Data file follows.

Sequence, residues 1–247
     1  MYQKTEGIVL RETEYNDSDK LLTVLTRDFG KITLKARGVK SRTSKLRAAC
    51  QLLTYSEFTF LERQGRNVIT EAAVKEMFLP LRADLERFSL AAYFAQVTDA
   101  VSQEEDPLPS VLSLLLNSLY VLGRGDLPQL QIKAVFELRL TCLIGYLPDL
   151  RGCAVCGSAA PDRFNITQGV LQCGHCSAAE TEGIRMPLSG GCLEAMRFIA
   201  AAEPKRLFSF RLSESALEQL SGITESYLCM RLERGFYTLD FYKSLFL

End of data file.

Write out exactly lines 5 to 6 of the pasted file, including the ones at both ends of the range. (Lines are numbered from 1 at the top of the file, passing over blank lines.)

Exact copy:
   151  RGCAVCGSAA PDRFNITQGV LQCGHCSAAE TEGIRMPLSG GCLEAMRFIA
   201  AAEPKRLFSF RLSESALEQL SGITESYLCM RLERGFYTLD FYKSLFL